My 2017 Reading List, and Top Reads of the Year!

A year-end tradition here at the 4thDaveBlog, so here ya go–what I read in 2017 (in dozens of bulleted lists)!


  • A Year of No Sugar – Eve Schaub
  • Why Pro-Life? – Randy Alcorn
  • Silence – Shusaku Endo


  • The Only Living Boy (vol. 1-3) – Gallaher/Ellis
  • Silent Night – Stanley Weintraub
  • Narrative of the Life… – Frederick Douglass
  • March: Book One – Lewis/ Aydin / Powell
  • The Souls of Black Folk – W.E.B. Du Bois
  • Under Our Skin – Benjamin Watson


  • The Long Walk – Stephen King
  • The End of the Affair – Graham Greene
  • The Circle – Dave Eggers


  • The Truth of the Cross – RC Sproul
  • The Final Days of Jesus – Andreas Kostenberger and Justin Taylor
  • Year of No Clutter – Eve Schaub


  • Unparalleled – Jared Wilson
  • Reverberation – Jonathan Leeman
  • The Girl With All the Gifts – M. R. Carey


  • The Dip – Seth Godin
  • Linchpin – Seth Godin
  • The Wonder-Working God – Jared Wilson (audio)
  • Turning Pro – Steven Pressfield


  • So Good They Can’t Ignore You – Cal Newport
  • Husband-Coached Childbirth – Dr. Robert Bradley
  • Family Worship – Dr. Donald Whitney


  • Teammate – David Ross
  • Call for the Dead – John LeCarre
  • Murder on the Orient Express – Agatha Christie
  • The Cubs Way – Tom Verducci


  • Secret Identity – Kurt Busiek / Stuart Immonen
  • Horrorstor – Grady Hendrix
  • DC Rebirth Deluxe Ed. – Johns/Frank/VanSciver/Reis/Jimenez


  • Why We’re Protestant – Nate Pickowicz
  • Reformation: Yesterday, Today, and Tomorrow – Carl Trueman


  • The Down-grade Controversy: Collected Writings of CHS – Spurgeon
  • Playing Saint – Zachary Bartels
  • Playing Saint: All Souls Day – Zachary Barrels
  • Can I Be Sure I’m Saved? – RC Sproul


  • A Christmas Carol – Charles Dickens
  • Life Together – Dietrich Bonhoeffer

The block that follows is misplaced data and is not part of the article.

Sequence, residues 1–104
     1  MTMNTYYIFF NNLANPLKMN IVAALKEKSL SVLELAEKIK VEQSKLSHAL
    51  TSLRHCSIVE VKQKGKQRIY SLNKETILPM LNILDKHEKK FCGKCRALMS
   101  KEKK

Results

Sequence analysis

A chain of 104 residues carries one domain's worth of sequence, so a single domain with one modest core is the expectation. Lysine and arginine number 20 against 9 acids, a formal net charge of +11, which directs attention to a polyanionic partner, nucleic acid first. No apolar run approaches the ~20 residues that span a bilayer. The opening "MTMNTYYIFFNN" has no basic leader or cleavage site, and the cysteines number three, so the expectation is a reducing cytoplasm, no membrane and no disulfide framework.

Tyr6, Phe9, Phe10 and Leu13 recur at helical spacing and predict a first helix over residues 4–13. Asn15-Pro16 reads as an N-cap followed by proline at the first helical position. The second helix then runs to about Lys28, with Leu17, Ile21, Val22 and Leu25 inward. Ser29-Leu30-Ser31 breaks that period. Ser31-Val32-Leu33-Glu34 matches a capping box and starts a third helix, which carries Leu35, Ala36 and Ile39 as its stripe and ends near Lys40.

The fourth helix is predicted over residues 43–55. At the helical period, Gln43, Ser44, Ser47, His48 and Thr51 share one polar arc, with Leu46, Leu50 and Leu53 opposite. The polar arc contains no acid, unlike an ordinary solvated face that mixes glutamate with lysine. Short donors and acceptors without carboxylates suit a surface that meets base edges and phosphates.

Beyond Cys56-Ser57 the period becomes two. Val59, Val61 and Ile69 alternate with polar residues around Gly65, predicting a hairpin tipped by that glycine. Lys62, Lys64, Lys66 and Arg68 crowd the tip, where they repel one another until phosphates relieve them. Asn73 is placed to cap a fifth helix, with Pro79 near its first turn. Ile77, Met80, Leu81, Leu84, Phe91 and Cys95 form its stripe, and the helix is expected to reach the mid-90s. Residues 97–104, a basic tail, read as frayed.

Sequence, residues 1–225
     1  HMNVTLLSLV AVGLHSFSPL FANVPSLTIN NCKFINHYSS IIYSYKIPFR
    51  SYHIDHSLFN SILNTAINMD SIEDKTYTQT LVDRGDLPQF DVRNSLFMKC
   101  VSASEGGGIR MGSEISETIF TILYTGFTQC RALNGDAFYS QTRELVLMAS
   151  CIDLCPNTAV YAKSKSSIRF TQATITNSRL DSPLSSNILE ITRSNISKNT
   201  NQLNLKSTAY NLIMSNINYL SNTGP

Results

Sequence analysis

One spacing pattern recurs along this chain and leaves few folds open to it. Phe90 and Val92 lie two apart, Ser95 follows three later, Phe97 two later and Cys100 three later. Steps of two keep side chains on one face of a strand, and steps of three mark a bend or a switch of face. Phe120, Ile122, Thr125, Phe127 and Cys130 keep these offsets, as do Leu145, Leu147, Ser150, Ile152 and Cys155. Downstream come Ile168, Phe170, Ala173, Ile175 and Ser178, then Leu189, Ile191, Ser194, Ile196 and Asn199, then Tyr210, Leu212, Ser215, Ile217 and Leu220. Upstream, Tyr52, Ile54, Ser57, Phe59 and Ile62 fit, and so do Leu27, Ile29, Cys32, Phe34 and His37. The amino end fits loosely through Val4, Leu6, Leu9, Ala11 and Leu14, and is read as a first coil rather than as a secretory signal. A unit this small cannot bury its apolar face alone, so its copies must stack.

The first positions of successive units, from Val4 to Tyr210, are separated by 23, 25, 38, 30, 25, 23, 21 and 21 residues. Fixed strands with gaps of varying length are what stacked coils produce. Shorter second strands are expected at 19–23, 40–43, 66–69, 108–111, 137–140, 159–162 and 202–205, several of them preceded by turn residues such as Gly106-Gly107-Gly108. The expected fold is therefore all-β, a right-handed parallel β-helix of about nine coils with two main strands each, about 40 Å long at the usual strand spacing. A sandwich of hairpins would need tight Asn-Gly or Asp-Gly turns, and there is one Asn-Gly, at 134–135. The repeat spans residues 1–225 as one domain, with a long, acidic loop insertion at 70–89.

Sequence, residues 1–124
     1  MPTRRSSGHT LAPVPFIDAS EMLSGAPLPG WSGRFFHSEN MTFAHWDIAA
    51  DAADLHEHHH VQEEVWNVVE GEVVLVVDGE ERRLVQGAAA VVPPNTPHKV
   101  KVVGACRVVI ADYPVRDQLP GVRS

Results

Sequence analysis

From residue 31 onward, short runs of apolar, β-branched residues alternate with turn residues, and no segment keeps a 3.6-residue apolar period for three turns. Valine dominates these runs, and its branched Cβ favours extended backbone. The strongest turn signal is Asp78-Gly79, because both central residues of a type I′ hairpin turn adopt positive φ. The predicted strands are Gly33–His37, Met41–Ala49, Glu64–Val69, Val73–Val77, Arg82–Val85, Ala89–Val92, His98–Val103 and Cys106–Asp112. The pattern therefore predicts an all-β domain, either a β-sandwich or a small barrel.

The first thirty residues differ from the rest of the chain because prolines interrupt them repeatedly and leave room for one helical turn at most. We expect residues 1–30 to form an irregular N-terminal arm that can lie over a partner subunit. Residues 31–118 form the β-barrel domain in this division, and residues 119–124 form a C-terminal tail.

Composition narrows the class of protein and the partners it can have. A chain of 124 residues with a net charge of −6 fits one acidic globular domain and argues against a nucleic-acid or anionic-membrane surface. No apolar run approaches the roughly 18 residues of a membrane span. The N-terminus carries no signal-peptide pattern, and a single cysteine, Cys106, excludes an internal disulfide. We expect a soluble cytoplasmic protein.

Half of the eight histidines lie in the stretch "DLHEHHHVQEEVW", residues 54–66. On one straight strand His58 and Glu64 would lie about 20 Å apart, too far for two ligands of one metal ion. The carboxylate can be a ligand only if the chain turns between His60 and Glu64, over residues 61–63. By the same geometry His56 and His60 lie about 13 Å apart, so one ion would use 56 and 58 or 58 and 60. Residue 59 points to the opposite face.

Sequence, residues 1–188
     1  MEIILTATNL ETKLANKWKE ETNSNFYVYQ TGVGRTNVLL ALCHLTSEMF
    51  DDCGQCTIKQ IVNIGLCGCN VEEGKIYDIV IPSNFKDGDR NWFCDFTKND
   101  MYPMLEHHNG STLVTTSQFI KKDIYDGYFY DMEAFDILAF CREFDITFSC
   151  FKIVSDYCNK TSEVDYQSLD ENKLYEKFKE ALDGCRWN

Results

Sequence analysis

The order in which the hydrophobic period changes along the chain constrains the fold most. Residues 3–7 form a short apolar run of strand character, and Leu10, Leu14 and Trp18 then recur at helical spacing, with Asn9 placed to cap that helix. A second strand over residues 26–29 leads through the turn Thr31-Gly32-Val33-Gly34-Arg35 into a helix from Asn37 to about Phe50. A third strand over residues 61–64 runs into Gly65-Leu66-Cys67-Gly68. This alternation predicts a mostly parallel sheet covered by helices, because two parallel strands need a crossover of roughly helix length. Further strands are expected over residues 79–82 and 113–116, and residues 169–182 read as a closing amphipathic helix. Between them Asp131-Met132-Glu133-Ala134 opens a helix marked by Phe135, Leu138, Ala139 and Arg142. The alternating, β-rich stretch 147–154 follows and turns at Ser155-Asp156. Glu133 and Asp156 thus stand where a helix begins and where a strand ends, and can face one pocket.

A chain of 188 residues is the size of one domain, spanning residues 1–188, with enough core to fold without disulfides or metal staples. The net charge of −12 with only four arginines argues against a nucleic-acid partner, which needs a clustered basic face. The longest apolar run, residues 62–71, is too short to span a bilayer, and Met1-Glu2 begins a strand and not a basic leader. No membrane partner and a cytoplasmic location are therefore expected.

• Desire and Deceit – Al Mohler
  • Parnassus on Wheels – Christopher Morley
  • Batman: I Am Gotham – Tom King / David Finch
  • The Haunted Bookshop – Christopher Morley


Final Tally: 44 books

Genre Breakdown:  

  • Non-fiction: 26
  • Fiction: 13
  • Graphic Novels: 5

Thoughts on This Year’s List: 

  • I thought I had read more fiction than that. I guess it seemed like more because it ran in spurts. But over a third is still a pretty good ratio, I guess.
  • I read a LOT of short books this year. If we break it down by pages read and average length, it would be significantly down from years past. Honestly, I’m okay with that. This year, I didn’t have the benefit of long commute times, so I squeeze in reading where I can. I have to admit, I also gave a lot of time away to TV–I don’t watch a LOT and I try to be discerning and specific with what I will watch, but there’s some good TV shows out lately, and those stories have been eating up reading time for me as well.
  • What’s not included on this list are about a dozen books I started and never finished, either because I ran out of year or just decided to give up. That never used to happen; once i’d start a book, I would grit it out to the end. However, in recent years, I’ve realized that life is too short to muddle through books that can’t hold your interest. It’s better to walk away from a book you’ve invested 100 pages in, so that the time it would take to read the other 200-300 pages can be devoted to another book you’ll enjoy more.
  • I also attempted some theme-months, with mixed success. I was able to finish 4 books about the African-American experience in February, and I have a list of others to check out in the future. That was really helpful to me, to walk in someone else’s shoes for a bit. I tried to make October “Reformation Month,” but didn’t get through much. Finally, I had a bound collection of five “Christmas tales” by Charles Dickens. I made it through “A Christmas Carol” (which I loved), but immediately got bogged down by “The Chimes.” I just stopped caring. Maybe next year!

My Top-Five Recommendations from This Year’s Reading List (in no particular order):